Amazon debuts its new delivery drone, says it will begin operation 'within months'
The delivery vehicle is part of a push inside Amazon to speed up its delivery times for Prime members.
In this image released by Amazon, the company unveils its newest drone design for its "Prime Air" fleet at the Machine Learning, Automation, Robotics and Space conference "re: Mars" in Las Vegas on June 5, 2019.Jordan Stead / AFP - Getty Images
Breaking News Emails
Get breaking news alerts and special reports. The news and stories that matter, delivered weekday mornings.
Amazon debuted its newest delivery drone at its re:MARS conference in Las Vegas on Wednesday.
The delivery vehicle is part of a push inside Amazon to speed up its delivery times for Prime members. It’s just begun to roll out free one-day shipping to Prime members in North America. The company said in a blog post it believes autonomous drones can help it reduce shipping times.
Byers Market Newsletter
Get breaking news and insider analysis on the rapidly changing world of media and technology right to your inbox.
Jeff Wilke, CEO of the company’s worldwide consumer division, revealed onstage at the conference that Amazon has created a new, electric delivery drone that should be used “within months” to deliver packages to customers. The drones can carry packages under 5 pounds to customers within a half-hour and can fly up to 15 miles, according to Wilke.
He also explained that the company is investing heavily in artificial intelligence to help drones navigate safely to their destinations, and drop off packages safely. Detecting telephone wires, people, property and even small animals on the ground all require careful sensing and collision avoidance systems.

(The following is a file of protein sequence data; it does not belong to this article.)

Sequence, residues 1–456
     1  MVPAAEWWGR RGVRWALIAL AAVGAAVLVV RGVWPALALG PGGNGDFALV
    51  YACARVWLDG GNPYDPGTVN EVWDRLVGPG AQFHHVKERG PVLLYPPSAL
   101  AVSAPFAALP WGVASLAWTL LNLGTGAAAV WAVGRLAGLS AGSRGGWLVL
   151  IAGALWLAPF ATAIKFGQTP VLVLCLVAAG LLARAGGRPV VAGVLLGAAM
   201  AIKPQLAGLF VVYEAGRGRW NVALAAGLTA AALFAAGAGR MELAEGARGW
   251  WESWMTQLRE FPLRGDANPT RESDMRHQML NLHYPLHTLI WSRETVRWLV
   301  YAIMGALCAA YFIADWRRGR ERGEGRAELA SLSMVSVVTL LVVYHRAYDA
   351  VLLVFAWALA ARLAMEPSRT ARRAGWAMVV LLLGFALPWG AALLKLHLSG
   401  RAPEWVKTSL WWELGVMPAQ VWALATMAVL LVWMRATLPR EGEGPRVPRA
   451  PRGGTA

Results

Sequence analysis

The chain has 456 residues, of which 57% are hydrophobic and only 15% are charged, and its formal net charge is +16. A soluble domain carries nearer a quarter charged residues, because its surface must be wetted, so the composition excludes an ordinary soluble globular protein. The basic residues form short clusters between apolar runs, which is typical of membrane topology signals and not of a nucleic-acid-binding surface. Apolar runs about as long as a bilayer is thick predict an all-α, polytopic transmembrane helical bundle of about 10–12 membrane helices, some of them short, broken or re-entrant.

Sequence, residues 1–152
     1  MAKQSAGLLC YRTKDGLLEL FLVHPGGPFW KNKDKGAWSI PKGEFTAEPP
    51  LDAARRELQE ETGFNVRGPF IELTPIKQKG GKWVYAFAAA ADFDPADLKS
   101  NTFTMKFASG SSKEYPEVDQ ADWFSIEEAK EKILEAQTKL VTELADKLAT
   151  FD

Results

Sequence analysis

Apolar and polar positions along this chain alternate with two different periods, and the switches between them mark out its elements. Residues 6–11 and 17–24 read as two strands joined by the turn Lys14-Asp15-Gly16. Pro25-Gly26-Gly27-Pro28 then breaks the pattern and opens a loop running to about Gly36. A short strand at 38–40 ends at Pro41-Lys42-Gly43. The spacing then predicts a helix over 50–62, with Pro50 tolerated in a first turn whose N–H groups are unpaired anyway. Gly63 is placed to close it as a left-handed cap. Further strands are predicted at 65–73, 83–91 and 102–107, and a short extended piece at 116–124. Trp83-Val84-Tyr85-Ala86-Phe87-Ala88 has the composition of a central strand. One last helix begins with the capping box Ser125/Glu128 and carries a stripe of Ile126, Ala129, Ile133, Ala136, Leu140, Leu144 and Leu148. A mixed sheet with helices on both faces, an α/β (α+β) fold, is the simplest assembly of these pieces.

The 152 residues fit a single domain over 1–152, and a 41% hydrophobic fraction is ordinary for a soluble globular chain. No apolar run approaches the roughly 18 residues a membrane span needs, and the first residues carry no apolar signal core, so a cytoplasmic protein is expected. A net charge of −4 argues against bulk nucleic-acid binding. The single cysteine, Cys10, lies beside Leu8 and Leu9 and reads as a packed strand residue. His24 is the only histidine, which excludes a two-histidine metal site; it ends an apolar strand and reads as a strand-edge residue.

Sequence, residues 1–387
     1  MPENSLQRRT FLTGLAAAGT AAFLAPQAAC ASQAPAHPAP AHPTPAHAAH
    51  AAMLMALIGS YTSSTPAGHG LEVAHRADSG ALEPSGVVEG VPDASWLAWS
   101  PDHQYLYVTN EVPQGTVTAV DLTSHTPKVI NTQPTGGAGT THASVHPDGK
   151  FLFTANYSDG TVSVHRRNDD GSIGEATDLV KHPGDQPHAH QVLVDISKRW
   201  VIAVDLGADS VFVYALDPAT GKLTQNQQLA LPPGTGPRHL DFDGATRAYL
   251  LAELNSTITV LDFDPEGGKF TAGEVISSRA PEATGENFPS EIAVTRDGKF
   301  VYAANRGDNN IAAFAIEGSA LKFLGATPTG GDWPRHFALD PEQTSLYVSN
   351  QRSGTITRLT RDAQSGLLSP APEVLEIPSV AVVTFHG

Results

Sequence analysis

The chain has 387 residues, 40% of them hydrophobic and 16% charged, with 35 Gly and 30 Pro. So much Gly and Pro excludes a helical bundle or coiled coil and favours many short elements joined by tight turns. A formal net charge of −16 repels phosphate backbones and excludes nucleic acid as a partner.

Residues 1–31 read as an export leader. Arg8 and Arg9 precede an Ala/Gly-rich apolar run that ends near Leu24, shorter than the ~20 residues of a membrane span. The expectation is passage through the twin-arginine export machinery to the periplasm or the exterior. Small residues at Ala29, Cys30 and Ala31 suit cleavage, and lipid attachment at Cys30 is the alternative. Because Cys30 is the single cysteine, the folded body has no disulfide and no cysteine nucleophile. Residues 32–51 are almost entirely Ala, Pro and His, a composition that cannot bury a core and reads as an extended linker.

The drone reveal followed an earlier presentation by Brad Porter, vice president of Amazon Robotics, on Pegasus and Xanthus drive robots. Amazon is now using these robots to sort and move packages and inventory within warehouses and delivery centers.
Wilke and Porter said that since 2012, Amazon has deployed more than 200,000 robotic drive units in its operations (creating at least 300,000 jobs in that same time).
“We sort billions of packages a year. The question is, how do you do it quickly and accurately?” Porter said.
Given the company’s offer of Prime one-day deliveries, accuracy is tantamount to fulfilling promises to customers, he said. The new Pegasus robots have helped reduce mis-sorting of packages by more than 50 percent compared with the systems Amazon was using before, he said.
The drone is also part of Amazon’s plan to make half of its shipments net zero carbon by 2030, and eventually expand that commitment across all of its shipments, Amazon said in the blog post. The electric drone can be charged in a sustainable way and is more energy efficient that delivering packages in a car, the company said.